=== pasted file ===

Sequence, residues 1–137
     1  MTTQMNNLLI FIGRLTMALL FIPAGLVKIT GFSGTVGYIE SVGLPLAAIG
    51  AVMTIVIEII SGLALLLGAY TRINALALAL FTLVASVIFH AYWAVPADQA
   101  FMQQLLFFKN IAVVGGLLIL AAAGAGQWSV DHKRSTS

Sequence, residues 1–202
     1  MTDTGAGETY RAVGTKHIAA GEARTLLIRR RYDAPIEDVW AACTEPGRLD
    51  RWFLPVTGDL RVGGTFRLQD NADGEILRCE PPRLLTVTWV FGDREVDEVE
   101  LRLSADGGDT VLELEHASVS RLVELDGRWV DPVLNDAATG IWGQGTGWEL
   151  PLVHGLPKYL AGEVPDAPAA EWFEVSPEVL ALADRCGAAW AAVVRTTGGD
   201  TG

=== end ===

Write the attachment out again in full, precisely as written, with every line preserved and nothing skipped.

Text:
Sequence, residues 1–137
     1  MTTQMNNLLI FIGRLTMALL FIPAGLVKIT GFSGTVGYIE SVGLPLAAIG
    51  AVMTIVIEII SGLALLLGAY TRINALALAL FTLVASVIFH AYWAVPADQA
   101  FMQQLLFFKN IAVVGGLLIL AAAGAGQWSV DHKRSTS

Sequence, residues 1–202
     1  MTDTGAGETY RAVGTKHIAA GEARTLLIRR RYDAPIEDVW AACTEPGRLD
    51  RWFLPVTGDL RVGGTFRLQD NADGEILRCE PPRLLTVTWV FGDREVDEVE
   101  LRLSADGGDT VLELEHASVS RLVELDGRWV DPVLNDAATG IWGQGTGWEL
   151  PLVHGLPKYL AGEVPDAPAA EWFEVSPEVL ALADRCGAAW AAVVRTTGGD
   201  TG